I loved The Shining Girls, so I was super excited to read Broken Monsters. Sure, The Shining Girls was very disturbing, with an incredible psychotic killer and some pretty awful murder scenes. But it also had an amazing premise (an old house as time portal) and a supremely likable heroine. Unfortunately, I can’t say the same about Broken Monsters (despite Lauren’s skill as a writer). I think I may have enjoyed Broken Monsters much more had I not read The Shining Girls first, so you should probably take my review and rating with a certain amount of skepticism.
The setting of modern-day Detroit was, surely, a deliberate choice (as an entire city showing the fall of the American dream), the perfect setting for the most depraved serial killer I’ve ever read. I felt, however, that while there was a literary purpose to the setting, it made the book far less appealing (as much as a book like this could be appealing). All of which I would have looked past had I cared more about the characters.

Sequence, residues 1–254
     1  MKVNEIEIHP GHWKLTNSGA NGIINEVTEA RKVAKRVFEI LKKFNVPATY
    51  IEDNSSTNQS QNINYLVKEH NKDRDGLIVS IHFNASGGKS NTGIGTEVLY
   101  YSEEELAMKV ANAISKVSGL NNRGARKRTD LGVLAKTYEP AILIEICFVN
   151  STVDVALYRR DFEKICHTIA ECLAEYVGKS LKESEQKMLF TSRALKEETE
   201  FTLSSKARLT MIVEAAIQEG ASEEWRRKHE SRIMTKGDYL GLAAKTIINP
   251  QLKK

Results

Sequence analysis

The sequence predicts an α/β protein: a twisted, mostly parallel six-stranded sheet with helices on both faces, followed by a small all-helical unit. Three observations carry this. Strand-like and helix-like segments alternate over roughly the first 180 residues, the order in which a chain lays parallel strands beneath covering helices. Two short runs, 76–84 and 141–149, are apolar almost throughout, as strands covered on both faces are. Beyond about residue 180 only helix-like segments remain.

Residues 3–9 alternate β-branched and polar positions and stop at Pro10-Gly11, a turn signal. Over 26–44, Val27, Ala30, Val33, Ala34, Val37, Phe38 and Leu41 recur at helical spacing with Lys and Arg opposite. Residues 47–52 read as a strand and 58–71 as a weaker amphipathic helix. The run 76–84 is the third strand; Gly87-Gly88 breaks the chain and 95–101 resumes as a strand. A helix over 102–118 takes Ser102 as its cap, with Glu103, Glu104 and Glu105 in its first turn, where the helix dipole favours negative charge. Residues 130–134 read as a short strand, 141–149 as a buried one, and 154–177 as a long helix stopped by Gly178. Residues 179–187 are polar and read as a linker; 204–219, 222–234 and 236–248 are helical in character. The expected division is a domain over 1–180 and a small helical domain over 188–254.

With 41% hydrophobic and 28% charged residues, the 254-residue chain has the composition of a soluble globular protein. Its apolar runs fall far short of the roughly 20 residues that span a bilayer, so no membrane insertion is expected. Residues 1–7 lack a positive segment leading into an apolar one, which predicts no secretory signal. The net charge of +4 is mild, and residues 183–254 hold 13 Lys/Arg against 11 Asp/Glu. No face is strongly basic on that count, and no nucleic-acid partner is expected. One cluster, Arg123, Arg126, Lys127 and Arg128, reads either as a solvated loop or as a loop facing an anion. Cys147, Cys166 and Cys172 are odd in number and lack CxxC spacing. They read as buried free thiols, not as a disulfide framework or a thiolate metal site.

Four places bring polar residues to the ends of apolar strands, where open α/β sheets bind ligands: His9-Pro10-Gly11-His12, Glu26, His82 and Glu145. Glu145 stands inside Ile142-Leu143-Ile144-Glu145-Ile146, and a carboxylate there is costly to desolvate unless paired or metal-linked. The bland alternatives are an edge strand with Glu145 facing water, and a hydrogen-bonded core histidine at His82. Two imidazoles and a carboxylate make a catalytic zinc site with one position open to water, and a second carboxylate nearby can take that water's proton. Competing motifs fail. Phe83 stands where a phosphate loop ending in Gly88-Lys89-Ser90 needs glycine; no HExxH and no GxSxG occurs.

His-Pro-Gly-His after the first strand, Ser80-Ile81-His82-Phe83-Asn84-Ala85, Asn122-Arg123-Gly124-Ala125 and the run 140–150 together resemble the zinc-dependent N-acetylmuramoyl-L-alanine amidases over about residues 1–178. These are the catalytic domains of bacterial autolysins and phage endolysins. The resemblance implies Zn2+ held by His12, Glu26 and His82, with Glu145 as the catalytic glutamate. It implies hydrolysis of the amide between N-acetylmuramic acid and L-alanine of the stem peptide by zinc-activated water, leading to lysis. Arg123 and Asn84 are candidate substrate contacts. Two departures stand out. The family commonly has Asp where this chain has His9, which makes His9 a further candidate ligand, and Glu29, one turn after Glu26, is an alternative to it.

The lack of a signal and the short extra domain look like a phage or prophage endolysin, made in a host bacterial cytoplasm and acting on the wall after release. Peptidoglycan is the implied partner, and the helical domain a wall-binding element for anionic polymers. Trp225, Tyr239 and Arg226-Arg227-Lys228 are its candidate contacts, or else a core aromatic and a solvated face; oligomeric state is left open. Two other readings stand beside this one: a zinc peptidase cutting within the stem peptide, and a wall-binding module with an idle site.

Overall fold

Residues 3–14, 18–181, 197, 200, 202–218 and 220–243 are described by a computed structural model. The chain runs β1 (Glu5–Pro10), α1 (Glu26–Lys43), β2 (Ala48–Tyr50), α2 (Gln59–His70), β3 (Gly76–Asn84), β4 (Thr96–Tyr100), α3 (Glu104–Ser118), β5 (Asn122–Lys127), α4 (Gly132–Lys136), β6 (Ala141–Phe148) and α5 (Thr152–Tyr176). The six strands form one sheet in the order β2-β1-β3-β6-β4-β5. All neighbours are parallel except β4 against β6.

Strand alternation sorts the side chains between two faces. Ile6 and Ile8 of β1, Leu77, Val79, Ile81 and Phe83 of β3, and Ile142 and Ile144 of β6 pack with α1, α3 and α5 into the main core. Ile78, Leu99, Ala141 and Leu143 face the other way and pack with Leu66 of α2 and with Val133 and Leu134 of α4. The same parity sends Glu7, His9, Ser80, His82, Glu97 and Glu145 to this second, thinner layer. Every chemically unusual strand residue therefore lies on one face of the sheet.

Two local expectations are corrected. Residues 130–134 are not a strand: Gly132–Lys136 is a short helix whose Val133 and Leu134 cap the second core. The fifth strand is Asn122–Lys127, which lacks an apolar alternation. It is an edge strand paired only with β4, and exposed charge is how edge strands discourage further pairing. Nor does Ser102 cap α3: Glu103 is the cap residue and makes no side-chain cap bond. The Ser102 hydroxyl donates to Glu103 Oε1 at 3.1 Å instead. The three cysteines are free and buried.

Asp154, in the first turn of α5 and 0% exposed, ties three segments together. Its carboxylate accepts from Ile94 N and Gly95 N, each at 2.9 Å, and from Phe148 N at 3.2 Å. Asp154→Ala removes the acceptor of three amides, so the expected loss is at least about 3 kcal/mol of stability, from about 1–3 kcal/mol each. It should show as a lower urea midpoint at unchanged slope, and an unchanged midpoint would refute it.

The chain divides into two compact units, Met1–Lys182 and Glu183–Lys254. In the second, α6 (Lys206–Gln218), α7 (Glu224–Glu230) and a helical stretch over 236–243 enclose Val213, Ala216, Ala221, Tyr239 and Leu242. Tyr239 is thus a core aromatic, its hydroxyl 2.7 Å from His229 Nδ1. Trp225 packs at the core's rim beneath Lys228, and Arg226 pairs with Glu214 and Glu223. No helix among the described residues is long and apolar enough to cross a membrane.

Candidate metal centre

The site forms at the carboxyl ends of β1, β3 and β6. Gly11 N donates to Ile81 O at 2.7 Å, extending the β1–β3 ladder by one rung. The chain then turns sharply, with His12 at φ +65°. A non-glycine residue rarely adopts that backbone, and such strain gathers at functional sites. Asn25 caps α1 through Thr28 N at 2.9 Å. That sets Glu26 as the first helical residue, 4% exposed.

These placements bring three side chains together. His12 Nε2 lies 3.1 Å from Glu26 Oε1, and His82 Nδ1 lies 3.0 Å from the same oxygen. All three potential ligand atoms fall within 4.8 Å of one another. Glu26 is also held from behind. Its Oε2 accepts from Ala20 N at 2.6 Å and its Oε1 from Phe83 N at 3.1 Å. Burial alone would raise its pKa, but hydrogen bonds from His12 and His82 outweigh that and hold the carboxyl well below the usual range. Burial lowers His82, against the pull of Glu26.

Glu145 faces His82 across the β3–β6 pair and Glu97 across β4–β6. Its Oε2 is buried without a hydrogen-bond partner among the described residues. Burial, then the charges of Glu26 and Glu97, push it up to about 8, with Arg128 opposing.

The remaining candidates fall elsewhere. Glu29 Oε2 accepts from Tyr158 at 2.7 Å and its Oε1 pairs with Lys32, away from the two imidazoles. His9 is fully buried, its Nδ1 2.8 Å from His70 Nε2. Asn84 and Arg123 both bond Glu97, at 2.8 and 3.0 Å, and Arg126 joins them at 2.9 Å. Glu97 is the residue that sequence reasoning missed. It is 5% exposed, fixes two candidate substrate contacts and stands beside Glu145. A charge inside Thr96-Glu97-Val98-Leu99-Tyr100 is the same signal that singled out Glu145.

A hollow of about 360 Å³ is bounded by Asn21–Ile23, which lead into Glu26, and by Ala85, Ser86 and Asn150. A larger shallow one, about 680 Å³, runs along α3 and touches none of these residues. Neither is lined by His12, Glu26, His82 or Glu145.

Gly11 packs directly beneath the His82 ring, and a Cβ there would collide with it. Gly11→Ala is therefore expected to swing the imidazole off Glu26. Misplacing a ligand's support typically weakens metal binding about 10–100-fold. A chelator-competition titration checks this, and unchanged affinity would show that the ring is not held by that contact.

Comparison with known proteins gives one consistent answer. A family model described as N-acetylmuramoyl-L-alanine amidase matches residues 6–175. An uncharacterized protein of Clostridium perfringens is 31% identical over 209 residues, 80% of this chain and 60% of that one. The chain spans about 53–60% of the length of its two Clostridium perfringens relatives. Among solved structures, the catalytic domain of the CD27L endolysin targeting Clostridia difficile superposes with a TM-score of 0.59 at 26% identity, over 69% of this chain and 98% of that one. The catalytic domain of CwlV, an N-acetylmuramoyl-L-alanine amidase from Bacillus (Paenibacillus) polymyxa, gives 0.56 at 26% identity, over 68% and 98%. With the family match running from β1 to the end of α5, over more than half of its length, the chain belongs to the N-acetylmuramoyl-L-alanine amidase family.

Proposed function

The detective, a single badass Latina, was far too predictable and reminded me too much of CSI. The blogger was (as he was supposed to be) extremely annoying and narcissistic (although he was nothing of the sort when the story began. His jump in character was somewhat jarring). The teenager was also somewhat predictable. The best character, by far, was the homeless man (perhaps because of his fierce loyalty to his friends). What’s somewhat disturbing in and of itself is that I found the killer to be the most sympathetic. He was a body inhabited by an evil dream, which took him down a dark spiral of depravity, but the man he used to be is sad, and I felt sorry for him.
The story is told over the course of a single week, which did give it a sense of urgency (as did the descriptions of the police investigation). I think if it had been written in any other way, I would have found it difficult to finish (although I would have, since the book came from NetGalley). The first half of the week went slowly, but as the investigation continued and got closer to the killer, the pace picked up (of course) until the somewhat weird conclusion. And perhaps that is my greatest complaint about Broken Monsters: that the ending seemed almost detached from the rest of the story. It was somewhat surreal (as I suppose it needed to be), and I felt dissatisfied. While I wasn’t expecting a neat, happily ever after (this wasn’t a romantic thriller, after all), I did expect to feel… I don’t know, just different than I did.